The IPP Injustice
A simple tweak of the law by a desperate government has managed to more than double the number of Lifers in under twelve years. Remarkable.
It was once the case that in order to receive a Life sentence you had to do something pretty horrible. Murder, obviously, got you a mandatory life sentence. Then there were discretionary life sentences, dished out for lesser crimes but where Life was a sentencing option. It had to be the case that to receive a discretionary life sentence, there had to be firm evidence that you were either unstable or on an escalating path of violence. Receiving such a sentence was a Very Big Deal.
But the government, faced with some popular panic whose specifics I forget (there are so many), diluted the meaning of the sentence whilst simultaneously broadening its scope.
These sentences are "not really" life sentences, only open-ended ones. The terminology is different but the reality is exactly the same. These are Indefinite Sentences for Public Protection - IPP.
You don't have to do anything particularly serious to receive such a sentence, which is why there are thousand people serving one.
The pettiness of some offences which have attracted these sentences is revealed by the tariff portion of these sentences. The tariff, minimum term, equates with the fixed sentence they would have received before IPPs were invented. The average tariff for IPP's is a mere 18 months; there are those who have had a tariff of one day.
These sentences are a travesty on several levels. Their purpose is fundamentally objectionable. IPP are intended to hold people in prison on an assumption that they pose a future danger to society, hence their open ended nature. When it comes to depriving people of their liberty and inflicting upon them and their families the degradations that flow from imprisonment, I firmly hold that it should be no more than a punishment for the crime already committed.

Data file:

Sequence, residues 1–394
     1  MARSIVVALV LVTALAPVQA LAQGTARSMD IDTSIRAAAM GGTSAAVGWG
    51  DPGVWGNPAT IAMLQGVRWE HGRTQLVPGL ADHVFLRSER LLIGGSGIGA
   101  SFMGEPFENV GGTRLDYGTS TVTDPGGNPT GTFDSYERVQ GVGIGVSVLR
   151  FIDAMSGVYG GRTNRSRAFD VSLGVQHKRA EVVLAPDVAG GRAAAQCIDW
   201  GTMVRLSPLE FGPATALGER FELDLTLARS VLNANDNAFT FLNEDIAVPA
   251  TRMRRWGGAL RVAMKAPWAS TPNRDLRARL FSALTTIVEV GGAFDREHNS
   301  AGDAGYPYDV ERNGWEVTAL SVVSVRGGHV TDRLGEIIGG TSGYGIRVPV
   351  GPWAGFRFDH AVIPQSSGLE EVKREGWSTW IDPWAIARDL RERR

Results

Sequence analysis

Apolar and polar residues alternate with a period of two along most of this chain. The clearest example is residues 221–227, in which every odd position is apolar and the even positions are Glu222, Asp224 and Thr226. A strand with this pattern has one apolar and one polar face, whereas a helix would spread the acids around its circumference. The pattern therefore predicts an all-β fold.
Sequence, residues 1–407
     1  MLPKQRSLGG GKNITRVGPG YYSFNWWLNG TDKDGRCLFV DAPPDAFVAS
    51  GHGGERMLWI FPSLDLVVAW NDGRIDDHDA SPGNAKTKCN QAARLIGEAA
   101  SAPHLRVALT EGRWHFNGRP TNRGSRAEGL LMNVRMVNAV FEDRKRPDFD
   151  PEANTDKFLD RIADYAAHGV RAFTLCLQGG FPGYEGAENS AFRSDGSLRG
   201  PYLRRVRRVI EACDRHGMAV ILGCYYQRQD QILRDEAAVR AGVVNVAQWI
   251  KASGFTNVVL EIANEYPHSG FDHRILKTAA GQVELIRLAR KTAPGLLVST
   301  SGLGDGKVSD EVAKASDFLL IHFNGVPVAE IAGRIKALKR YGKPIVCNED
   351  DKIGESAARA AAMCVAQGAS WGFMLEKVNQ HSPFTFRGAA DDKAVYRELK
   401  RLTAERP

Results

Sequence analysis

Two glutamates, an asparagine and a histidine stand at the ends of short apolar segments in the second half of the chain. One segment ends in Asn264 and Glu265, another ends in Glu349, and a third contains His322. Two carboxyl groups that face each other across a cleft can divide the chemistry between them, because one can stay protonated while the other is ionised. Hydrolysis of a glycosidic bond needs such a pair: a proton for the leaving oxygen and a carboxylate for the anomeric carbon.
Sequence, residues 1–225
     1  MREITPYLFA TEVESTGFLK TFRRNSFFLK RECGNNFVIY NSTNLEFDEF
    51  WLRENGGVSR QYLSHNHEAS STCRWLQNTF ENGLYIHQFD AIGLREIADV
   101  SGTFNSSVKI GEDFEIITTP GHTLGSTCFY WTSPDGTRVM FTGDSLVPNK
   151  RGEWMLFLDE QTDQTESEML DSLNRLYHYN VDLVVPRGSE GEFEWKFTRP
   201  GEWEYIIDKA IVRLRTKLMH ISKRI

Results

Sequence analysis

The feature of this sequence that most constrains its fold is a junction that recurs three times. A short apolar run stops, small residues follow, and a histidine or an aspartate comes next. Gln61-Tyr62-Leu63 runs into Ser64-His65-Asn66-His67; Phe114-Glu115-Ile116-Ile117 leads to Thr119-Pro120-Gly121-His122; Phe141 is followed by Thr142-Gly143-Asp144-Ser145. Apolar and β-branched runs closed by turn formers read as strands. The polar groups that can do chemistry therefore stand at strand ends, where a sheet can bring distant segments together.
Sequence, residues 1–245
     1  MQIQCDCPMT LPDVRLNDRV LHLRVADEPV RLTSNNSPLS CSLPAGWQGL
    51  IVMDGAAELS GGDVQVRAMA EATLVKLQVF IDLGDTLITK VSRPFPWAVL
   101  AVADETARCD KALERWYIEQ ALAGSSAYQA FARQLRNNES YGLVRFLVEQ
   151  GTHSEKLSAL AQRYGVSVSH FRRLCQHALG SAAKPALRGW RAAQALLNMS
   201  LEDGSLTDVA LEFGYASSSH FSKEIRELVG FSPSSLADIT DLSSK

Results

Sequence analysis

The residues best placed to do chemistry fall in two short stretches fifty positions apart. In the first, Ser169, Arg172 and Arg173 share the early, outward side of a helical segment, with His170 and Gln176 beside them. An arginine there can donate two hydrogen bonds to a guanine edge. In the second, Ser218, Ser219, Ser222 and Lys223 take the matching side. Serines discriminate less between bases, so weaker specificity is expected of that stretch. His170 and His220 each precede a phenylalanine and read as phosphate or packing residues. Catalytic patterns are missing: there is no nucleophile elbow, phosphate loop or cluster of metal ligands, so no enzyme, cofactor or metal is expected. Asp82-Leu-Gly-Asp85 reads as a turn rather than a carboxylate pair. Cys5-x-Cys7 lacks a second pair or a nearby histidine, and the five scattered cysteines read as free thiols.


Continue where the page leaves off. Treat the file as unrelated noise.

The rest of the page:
Detaining people on the basis of what they may possibly do in the future is wholly unjust. It can be dressed up with whatever politico-legal sleight of hand available, but it remains the fact that punishing people for what they may possibly do in future is a repellent act.
Added to these principled objections are practical ones. IPP's can only be released if they can show that they have "addressed their offending behaviour". This is done by completing "offending behaviour courses" and then parading these achievements before the Parole Board.
Alas, the side effect of knee jerk policy making is to speak first, try and make it work later. With IPP's, this means that there are insufficient places on these courses for them to complete them before the end of their tariff. If your tariff is 18 months and the waiting list for the course is 2 years, there is no chance for you to demonstrate before the PB that you are fit for release.
Way over 2500 of those serving IPP's are over their tariff and the Ministry accepts that this is not necessarily the fault of the prisoners. So bizarre and wicked is this situation, that the High Court ruled last year that, in effect, the sentence has become so arbitrary as to become unlawful.
The higher courts plugged this political problem on the well known legal doctrine of "tough shit". And so these men remain in prison. A similar situation applies to those who are due Parole hearings, their only avenue of release. The PB is so overstretched that people are not getting their hearing as prescribed by law, some serving years extra just waiting for the hearing.
The courts have ruled that this is a terrible situation but, alas, there is no one in particular to blame. And so they have now blocked IPP's from launching legal challenges to demand their right to a parole hearing. It's no one’s fault, so we are back to "tough shit".
Actually, we know whose fault it is. It is the governments fault. They invented IPP sentences and talked tough on sentencing. The judiciary responded and used IPP sentences with some vigour. The government, quick to throw people in prison, neglected to provide the resources for these prisoners to undertake their offending behaviour courses, and failed to fund the Parole Board for this doubling of their workload.
This situation reflects a profound shift in sentencing philosophy that was overlooked by legislatures and society. Rather than being sent to prison for a fixed time as a punishment for the crime committed, many are now detained not only for the crime, but on the basis of what they may do in future.
It seems obvious to me that this is a wicked injustice, a shift in philosophy that should have received a wide debate. Even so, to implement this schema without funding the mechanisms to administer it, such the parole board, strips whatever legitimacy may have existed from this shameful enterprise.